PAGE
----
Introduction & Hypotheses
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Introduction & Hypotheses Self-silencing in romantic relationships is linked to both earlier transition to adolescent sexual intercourse and higher depressive symptomology (Harper & Welsh, 2007) and also to depression in young women (Jack & Dill, 1992).

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Introduction & Hypotheses

Self-silencing in romantic relationships is linked to both earlier transition to adolescent sexual intercourse and higher depressive symptomology (Harper & Welsh, 2007) and also to depression in young women (Jack & Dill, 1992).

Adolescent females who silence themselves in romantic relationships report less open communication about sex (Widman, et al., 2006).

Rejection sensitivity is a marker of attachment insecurity in adolescence, which has been positively linked to adolescent depression (Margolese, Markiewicz, & Doyle, 2005; Sund &Wichstrom, 2002).

Adolescents who are insecure in relationships and sensitive to rejection may engage in sexual activities to satisfy unmet needs for love and to avoid abandonment (Rodgers, 1996; Tracy et al., 2003). Anxiously attached females may be more likely to agree to unwanted sex to keep a partner, whereas anxiously attached males report less sexual confidence (Tracy et al., 2003).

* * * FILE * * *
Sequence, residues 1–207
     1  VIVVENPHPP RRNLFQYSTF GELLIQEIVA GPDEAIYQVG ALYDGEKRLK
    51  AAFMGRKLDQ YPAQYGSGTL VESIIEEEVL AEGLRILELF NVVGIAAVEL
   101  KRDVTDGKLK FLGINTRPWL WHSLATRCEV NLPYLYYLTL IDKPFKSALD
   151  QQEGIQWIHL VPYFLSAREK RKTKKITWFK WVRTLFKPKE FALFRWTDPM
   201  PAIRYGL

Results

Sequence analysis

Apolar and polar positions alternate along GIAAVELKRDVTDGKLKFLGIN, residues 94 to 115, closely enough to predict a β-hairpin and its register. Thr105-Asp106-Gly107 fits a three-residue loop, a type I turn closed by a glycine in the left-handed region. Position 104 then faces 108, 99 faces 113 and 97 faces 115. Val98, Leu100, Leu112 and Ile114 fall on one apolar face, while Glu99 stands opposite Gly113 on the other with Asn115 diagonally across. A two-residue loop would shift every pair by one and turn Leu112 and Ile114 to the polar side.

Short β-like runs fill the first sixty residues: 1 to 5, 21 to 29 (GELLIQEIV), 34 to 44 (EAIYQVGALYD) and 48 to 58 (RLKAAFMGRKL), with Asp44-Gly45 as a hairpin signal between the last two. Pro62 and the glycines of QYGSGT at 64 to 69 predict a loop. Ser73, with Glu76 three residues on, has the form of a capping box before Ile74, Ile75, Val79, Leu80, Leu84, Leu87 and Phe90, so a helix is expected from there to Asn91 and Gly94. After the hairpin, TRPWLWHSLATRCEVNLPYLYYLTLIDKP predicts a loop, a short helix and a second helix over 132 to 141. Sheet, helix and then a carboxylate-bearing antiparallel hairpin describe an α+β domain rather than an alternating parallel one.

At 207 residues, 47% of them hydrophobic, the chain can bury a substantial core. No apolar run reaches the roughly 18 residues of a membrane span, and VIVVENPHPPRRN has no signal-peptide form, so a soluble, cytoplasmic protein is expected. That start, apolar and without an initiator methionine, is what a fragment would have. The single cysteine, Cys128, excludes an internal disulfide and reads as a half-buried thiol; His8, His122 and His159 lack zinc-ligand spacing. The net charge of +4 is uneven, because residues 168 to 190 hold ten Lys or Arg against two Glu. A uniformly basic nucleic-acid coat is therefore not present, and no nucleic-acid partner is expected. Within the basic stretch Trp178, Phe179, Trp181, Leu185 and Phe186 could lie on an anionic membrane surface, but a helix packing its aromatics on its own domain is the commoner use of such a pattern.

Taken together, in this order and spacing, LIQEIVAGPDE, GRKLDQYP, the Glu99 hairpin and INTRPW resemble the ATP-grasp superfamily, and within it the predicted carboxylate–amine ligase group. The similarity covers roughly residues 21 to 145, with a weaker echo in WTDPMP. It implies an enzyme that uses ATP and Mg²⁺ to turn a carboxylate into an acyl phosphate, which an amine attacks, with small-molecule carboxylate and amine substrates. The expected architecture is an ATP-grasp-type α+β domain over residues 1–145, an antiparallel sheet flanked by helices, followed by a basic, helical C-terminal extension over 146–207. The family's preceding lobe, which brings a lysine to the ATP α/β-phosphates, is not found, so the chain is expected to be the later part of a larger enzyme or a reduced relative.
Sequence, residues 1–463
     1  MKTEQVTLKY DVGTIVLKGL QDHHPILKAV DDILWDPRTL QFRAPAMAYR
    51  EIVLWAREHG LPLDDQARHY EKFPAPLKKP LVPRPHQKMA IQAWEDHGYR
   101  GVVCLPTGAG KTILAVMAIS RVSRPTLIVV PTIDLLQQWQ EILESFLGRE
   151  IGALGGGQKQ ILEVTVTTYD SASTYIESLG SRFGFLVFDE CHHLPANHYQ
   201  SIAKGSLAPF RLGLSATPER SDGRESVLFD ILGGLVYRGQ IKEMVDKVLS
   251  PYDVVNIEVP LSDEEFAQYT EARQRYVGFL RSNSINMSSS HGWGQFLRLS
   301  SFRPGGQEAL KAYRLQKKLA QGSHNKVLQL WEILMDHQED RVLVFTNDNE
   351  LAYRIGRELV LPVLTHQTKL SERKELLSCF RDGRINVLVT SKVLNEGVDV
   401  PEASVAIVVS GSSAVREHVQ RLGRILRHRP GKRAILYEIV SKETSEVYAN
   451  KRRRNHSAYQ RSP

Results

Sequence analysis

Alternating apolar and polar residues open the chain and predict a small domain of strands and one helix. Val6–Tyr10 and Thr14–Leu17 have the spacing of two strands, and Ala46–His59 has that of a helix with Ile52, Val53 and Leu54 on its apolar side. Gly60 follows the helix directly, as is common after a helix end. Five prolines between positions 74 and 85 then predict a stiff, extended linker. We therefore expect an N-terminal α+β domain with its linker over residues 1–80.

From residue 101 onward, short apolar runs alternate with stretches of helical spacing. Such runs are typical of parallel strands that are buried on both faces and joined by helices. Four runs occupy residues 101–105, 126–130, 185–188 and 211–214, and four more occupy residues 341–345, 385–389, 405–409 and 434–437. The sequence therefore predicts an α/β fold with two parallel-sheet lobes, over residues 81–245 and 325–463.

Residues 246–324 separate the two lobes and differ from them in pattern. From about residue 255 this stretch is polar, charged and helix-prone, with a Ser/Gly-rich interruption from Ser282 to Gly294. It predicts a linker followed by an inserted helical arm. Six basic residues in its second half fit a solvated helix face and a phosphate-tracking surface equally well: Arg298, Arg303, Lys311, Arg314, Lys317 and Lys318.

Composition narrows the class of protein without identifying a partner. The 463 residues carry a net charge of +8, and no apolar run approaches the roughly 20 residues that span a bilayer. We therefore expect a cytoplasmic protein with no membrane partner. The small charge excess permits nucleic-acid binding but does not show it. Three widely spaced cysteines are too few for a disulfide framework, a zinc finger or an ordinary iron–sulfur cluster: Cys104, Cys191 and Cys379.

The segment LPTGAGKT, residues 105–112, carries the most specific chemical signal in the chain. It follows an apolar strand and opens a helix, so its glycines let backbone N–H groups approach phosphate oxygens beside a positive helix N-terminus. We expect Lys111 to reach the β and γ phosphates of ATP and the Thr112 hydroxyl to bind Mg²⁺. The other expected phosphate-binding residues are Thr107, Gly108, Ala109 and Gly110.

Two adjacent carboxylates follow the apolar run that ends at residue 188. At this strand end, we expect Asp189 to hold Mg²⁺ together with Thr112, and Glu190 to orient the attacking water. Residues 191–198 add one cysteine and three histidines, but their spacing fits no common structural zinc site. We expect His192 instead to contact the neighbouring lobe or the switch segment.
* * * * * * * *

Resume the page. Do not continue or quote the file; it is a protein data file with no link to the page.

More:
We predict that the link between individual adolescent characteristics of rejection sensitivity and self-silencing and depression is moderated by the effects of sexual behavior in their romantic relationships. These effects may be stronger for females.


The Study of Tennessee Adolescent Romantic Relationships (STARR)

209 adolescent dating couples1

Middle: aged 14-17

Older: aged 17-21

Couples dating a minimum of 4 weeks

(range: 4 weeks – 5 years; median: 11 months)


Relationship Satisfaction scale from the Relationship Experiences Questionnaire (Levesque, 1993)

Males  = 0.70; Females  = .62

Rejection Sensitivity Questionnaire (Downey & Feldman, 1996)

Males  = 0.87; Females  = 0.87

Silencing the Self Scale (Jack & Dill, 1992)

Males  = 0.77; Females  = 0.77.

Sexual Behaviors Questionnaire (Welsh et al., 2005)

Mean couple report of intercourse frequency (past month) = 5. 48

Centers for Epidemiological Studies Depression Scale (Radloff, 1977)

Males  = 0.87; Females  = 0.87.

Analytic Strategy

Couple-level analyses were conducted using HLM to allow for nested data while also maintaining power by using the full sample. HLM provides:

1) an estimate in the component of variance in depressive symptoms attributed to individual-level differences and couple-level differences

2) information about the extent to which each variance component could be predicted by factors at that level

All couple factors were centered around the grand mean.

The length of time dating prior to first assessment was controlled in all models.


Baseline Model

Differences in Depressive Symptoms Between Couples

22% of variance in depressive symptoms is between couples.

64% of variance in depressive symptoms is within couples (plus error).

Partners who are higher in depressive symptoms tend to be together, and those who are lower in depressive symptoms tend to be together (t(207) = 26.47, p < .001).